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Sunday, January 4, 2015

WOWSERS 85 Years!

Yesterday we celebrated my father-in-laws 85th birthday. Ralph was born in 1930 when America was in the depression, he is the oldest of seven children born from 1930 - 1938. Can you imagine 7 babies in 8 years!  Life was hard for his family, his father worked in the WPA, a program that was part of the New Deal to get Americans back to work.
Ralph's mother, Nellie was one of many children, she had an older brother Bob, known to Ralph as Uncle Bob, who was a lawyer and worked in Hollywood, CA for RKO Studios. Uncle Bob was well off, never married, a strong Christian and made sure his family back home were taken care of. He purchased a home for his sister Nellie and her family. Ralph remembers well the day they moved to their very own home, he said it looked a bit like a small barn, but was roomy enough for a family of nine.
Times were hard, life was a struggle, but the memories are all good. Ralph remembers his father coming home in the winter, his clothes that had become damp during the day and slowly frozen, were hung over the wood stove to thaw and dry overnight ready for the next day of hard work. His mother's hand so raw and chapped from hand washing the family's clothes that she would smear them with grease and bandage them each evening to bring some relief. Ralph and his brother Don would hang out by the railroad tracks and men would toss chunks of coal down for the children to collect and take home. Memories of Christmas morning, all of the children sneaking downstairs to see what Santa had left beneath the tree and their Dad yelling that they all needed to get back upstairs, and little sister Delores, who had polio, hadn't yet made it down the stairs as all the children charged back past her on their way back to bed.
Ralph graduated high school, for a short time he worked a wealthy man called Clarence Schust, who owned a farm and raised champion cattle. Ralph helped take care of the animals and enjoyed his time working for Clarence, he left to join the Marines. He went to Korea, he came back and married Sharon. Ralph and Sharon had eight children, Christopher, their fifth child, and second son, died in a fire when he was two, and their last baby and fifth son, Philip was still born.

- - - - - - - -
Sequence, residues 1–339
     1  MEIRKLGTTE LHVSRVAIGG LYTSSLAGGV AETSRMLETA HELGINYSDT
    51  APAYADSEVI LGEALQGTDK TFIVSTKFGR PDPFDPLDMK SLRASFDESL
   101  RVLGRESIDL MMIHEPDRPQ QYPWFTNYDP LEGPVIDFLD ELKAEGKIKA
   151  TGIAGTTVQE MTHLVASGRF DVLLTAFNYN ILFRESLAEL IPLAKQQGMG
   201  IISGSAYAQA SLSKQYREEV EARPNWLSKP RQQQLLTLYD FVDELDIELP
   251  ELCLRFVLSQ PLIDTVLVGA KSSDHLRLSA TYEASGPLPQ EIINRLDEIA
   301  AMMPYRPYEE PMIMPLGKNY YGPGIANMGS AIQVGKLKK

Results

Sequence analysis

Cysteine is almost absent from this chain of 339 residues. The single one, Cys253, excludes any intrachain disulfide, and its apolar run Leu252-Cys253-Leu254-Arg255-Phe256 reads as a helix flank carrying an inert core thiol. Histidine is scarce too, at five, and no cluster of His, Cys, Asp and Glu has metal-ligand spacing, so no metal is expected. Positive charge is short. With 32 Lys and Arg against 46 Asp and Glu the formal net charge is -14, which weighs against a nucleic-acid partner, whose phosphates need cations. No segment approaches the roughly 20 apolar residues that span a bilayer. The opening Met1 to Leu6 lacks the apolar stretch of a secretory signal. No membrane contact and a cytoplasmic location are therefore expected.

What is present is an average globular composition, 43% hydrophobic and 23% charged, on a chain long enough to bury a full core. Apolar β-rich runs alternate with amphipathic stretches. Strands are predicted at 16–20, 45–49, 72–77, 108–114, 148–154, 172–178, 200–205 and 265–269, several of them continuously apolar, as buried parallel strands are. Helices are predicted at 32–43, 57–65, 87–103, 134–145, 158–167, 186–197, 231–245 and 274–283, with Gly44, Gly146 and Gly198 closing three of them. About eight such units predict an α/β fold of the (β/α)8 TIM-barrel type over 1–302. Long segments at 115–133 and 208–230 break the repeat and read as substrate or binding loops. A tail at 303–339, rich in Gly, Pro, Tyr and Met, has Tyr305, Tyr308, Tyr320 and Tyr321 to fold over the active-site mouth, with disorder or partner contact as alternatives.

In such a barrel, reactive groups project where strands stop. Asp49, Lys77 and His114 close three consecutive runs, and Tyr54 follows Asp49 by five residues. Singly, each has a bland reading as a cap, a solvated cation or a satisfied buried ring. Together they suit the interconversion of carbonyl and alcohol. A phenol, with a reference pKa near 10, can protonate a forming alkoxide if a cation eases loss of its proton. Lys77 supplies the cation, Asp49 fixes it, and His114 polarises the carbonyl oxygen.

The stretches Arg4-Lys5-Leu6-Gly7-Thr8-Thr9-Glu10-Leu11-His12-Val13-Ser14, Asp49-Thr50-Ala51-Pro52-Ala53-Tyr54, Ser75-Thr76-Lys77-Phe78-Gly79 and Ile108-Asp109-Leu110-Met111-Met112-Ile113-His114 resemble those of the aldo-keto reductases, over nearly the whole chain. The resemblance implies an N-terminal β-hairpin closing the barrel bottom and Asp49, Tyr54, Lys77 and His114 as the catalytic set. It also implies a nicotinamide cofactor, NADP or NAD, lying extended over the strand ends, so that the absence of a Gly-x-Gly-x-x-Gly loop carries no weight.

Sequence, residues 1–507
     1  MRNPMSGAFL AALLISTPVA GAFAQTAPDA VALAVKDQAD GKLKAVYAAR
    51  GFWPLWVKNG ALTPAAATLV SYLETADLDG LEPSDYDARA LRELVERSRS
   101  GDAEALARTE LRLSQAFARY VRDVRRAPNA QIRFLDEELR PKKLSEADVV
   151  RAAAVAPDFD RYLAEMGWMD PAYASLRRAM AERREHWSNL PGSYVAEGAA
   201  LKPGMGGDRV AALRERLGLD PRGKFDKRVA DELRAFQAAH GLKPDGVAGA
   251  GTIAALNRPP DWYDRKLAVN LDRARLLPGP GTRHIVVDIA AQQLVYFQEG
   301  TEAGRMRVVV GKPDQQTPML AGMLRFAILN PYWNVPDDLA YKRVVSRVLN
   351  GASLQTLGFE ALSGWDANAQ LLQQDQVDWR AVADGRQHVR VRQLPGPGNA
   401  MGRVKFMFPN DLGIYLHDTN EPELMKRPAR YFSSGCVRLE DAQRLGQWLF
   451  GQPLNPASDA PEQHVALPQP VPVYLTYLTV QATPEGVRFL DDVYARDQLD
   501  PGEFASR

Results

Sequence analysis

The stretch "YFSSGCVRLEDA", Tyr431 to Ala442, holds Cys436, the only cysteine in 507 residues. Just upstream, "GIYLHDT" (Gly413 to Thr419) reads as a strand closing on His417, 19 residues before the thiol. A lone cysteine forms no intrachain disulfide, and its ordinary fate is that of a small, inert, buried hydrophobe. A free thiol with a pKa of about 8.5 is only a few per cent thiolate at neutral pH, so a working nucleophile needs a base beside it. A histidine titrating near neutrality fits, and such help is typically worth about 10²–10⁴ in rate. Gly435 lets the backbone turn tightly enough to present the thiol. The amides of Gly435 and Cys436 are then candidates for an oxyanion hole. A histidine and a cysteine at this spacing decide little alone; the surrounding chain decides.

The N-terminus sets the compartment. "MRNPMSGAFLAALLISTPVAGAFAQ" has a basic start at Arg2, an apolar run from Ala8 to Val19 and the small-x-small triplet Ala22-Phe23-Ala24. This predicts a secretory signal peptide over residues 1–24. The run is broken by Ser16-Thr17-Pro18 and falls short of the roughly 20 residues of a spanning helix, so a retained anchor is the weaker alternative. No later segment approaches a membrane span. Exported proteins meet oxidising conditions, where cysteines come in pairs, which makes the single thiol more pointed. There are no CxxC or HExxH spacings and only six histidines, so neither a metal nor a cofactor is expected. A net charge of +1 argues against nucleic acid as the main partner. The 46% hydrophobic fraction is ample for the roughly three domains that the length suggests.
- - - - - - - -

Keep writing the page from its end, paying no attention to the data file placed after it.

Ralph and Sharon worked hard to support their large family, all six grew up, married and started their own families, grand children, eighteen in all started arriving in 1973 and continued to arrive for the next twenty years. Those grand children grew up, married, started families and to date there are around thirty-four great grand children, the oldest is fourteen, the youngest is one month, and three more are on the way.  Sadly Sharon died in 2002 after a courageous battle with leukemia, we all know if she were alive today she would be amazed with all of her great grand children and she would be loving on all of the babies.
Eighty-five years is a long time to live, and Ralph lived an ordinary life, no different to the lives lived by many others, and yet it is an extraordinary life too, because it is his own story. Because he and Sharon fell in love so many years ago there are a whole bunch more people in this beautiful world and it was wonderful that yesterday so many of them were able to come together to celebrate with him on his birthday.

A good handful of the many, many great grandchildren

Twelve of the eighteen grandchildren

Three of the six children, Angie, Mike and Cindy are missing.

2 comments:

Tammy Sisler said...

I love your blog and this tribute to Uncle Ralph. I have a blog but have done nothing with it yet. Maybe, you will be my inspiration to get my butt in gear and start sharing:)

Bean said...

Hi Tammy,
A blog is an odd thing to maintain, they kind of evolve. Mine has evolved into a a record of our life, family pics, stories, memories. The grand kids love to look at old pics of themselves, I enjoy going back and reading about things we did several years ago, it is a diary of my life.

Bean